Saturday, March 23, 2013

Lee Bros. and Lucky 32 celebrate Charleston cuisine Thursday in Greensboro

Ted and Matt Lee will participate in a sold-out celebration of their new book, “The Lee Bros. Charleston Kitchen,” at 6:30 p.m. March 28 with a six-course dinner prepared by Chef Jay Pierce at Lucky 32 Southern Kitchen in Greensboro. .

The prevailing image of Charleston life is one of gracious leisure: hearty breakfasts of stone-ground grits and light suppers of something freshly drawn from the sea, followed by evenings on the veranda sipping iced tea – or perhaps something a tad stronger, if one needs a restorative to combat the heat.
Growing up in a 1784 townhouse on the famed Rainbow Row, Ted and Matt Lee have enjoyed their share of such blissful days, but not recently. The brothers are just about everywhere else in the near South and beyond to promote their new book, The Lee Bros. Charleston Kitchen (Clarkson Potter). They’ve already made several stops in the Triangle but will pause Thursday in Greensboro for a celebration of their new recipes with Chef Jay Pierce at Lucky 32 Southern Kitchen.

“We’ve known Jay for years,” says Ted Lee , the younger, glasses-wearing sibling during a recent call from his home in Brooklyn, N.Y. “He really cares about quality food made from the best local ingredients.”
The Lees’ association with Lucky 32 dates back to 2001, before Pierce was hired. That year the Southern Foodways Alliance launched its first “field trip,” which was held in Greensboro at the O. Henry Hotel. “We were there with our boiled peanuts,” Lee says. “We met so many people who were our heroes.”

They still champion the cause of traditional boiled peanuts – and operate a successful online business where you can order some – but the Lees have become known for other things since then. They were feted by Pierce at the Greensboro restaurant following the release of The Lee Bros. Southern Cookbook, which won the 2007 James Beard Award for Cookbook of the Year.
“We thought our interest in Southern food and his was a great matchup,” Lee recalls, adding that Pierce pulled out all the stops for a memorable evening. “We told him to do his service the way he normally does, that he didn’t need to do anything special. But he was like, ‘No, that’s not how we do it.’”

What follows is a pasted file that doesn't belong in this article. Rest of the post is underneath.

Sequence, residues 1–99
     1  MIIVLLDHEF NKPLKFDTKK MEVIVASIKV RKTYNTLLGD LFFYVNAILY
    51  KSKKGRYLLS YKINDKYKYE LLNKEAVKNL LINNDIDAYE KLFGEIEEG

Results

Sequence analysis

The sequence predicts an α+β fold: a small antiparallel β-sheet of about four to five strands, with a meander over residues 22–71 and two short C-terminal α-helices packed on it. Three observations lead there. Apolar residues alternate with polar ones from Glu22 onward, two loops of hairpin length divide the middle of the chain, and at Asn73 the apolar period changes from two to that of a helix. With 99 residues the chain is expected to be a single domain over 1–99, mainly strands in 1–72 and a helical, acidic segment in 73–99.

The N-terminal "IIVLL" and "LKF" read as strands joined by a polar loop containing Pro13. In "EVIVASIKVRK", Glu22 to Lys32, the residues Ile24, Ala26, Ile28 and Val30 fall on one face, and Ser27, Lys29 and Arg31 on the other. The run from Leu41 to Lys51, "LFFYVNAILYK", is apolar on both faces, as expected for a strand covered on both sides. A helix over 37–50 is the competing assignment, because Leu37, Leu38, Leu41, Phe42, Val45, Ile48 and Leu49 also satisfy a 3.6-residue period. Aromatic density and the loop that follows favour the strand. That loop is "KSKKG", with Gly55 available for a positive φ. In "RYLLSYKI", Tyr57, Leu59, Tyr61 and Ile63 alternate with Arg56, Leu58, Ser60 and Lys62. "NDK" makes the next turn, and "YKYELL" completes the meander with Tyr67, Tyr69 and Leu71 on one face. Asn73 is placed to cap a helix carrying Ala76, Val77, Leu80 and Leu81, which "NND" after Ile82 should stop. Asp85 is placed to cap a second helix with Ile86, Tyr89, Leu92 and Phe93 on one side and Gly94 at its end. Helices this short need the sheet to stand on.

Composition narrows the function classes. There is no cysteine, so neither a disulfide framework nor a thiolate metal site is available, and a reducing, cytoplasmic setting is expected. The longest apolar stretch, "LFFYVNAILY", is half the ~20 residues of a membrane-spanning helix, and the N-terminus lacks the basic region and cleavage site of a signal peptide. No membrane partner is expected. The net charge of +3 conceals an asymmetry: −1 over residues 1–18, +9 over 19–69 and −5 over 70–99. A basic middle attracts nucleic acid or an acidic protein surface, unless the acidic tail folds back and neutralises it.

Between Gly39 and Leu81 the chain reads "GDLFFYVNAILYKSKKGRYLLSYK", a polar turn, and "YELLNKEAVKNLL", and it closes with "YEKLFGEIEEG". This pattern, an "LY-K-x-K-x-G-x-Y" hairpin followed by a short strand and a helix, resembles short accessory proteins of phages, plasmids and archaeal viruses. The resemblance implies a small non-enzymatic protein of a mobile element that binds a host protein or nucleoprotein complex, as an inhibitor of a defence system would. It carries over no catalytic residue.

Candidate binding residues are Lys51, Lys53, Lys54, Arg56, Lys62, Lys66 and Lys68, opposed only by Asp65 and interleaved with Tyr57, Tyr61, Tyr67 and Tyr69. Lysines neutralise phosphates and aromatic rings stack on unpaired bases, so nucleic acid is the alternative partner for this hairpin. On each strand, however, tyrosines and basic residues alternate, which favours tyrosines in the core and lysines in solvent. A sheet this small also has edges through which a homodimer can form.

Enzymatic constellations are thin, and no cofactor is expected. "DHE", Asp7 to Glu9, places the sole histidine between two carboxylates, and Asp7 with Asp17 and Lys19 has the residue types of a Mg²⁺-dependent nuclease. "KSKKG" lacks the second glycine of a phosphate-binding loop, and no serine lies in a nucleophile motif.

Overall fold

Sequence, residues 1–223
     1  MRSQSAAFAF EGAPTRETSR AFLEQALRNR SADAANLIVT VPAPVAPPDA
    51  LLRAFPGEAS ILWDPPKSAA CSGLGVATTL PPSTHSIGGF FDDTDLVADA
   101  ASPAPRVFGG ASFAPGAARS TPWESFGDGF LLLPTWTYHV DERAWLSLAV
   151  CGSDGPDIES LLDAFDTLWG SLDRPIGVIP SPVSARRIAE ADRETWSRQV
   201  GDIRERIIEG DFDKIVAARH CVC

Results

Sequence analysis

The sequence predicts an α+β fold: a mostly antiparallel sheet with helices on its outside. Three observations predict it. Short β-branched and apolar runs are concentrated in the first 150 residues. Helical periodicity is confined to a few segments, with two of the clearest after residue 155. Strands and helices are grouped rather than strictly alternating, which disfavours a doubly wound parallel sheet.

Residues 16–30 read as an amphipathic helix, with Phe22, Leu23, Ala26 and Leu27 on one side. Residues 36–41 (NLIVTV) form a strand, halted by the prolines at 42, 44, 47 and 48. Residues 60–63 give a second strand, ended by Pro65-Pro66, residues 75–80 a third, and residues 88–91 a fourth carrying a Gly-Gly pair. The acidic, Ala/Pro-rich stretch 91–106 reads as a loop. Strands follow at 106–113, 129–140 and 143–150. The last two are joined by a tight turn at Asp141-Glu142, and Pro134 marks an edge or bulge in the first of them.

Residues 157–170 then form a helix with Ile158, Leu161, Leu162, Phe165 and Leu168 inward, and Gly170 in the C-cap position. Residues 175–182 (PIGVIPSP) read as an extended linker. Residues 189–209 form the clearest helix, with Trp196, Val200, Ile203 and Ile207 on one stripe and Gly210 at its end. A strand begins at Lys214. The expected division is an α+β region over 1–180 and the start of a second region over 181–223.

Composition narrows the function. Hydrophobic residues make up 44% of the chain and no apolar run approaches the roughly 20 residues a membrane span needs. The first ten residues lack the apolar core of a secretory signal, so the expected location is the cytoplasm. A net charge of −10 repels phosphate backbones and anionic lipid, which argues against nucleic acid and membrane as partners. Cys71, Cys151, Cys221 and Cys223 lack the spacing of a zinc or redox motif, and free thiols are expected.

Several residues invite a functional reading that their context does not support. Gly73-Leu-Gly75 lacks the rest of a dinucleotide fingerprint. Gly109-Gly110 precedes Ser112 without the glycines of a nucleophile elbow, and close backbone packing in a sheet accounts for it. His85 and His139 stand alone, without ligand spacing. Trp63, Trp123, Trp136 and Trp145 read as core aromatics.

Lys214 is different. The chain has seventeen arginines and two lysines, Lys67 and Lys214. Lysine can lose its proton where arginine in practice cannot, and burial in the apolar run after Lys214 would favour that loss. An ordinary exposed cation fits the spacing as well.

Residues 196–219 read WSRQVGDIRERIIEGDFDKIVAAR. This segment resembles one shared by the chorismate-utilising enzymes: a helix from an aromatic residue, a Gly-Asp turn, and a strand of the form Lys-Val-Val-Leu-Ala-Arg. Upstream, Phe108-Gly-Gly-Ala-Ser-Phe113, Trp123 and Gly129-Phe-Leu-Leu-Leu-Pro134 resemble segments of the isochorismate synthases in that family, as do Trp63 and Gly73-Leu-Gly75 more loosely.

Thursday’s event will be no different. Pierce will prepare a six-course meal based on 12 Charleston Kitchen recipes, one of which will be tweaked with his signature Voodoo Sauce. Each course will be paired with beers from Fullsteam Brewery. The tab is just $40 per person.

Among the featured dishes is one that would be ideal for the Easter holiday table, roast fresh ham (see recipe below). “It’s dead simple to make, unless you’re one of those people who can’t stand to leave something alone to cook by itself for a few hours,” Lee says. The slow roast maximizes natural flavors and creates an exterior of what the book calls “fantastic caramelized fat.”

“Oh, it’s the best part,” Lee says, admitting to sneaking chunks of the crispy goodness that tastes a bit like pork candy.  The book features an adorable full-page photo of his nephew, Lorenzo, in wide-eyed toddler heaven as he snacks on a bite.
“Charleston is more oriented toward poultry and creatures of the sea, so pork hasn’t always been a big thing for the area,” says Lee, noting the region did not historically embrace the typically Southern culture of smoking or curing pork. “We’re lucky today to have access to heirloom pork from a great purveyor, Emile DeFelice of Caw Caw Creek. He mostly sells to restaurants, but his pork also is sold at farmer’s markets.”

The release of The Lees Bros. Charleston Kitchen follows the 20th anniversary re-issue of a classic earlier this year by UNC Press, Hoppin’ John’s Low Country Cooking: Recipes and Ruminations from Charleston and the Carolina Coastal Plain by culinary historian John Martin Taylor. Lee is quick to distinguish Taylor’s scholarly volume from their more contemporary take of Charleston cuisine.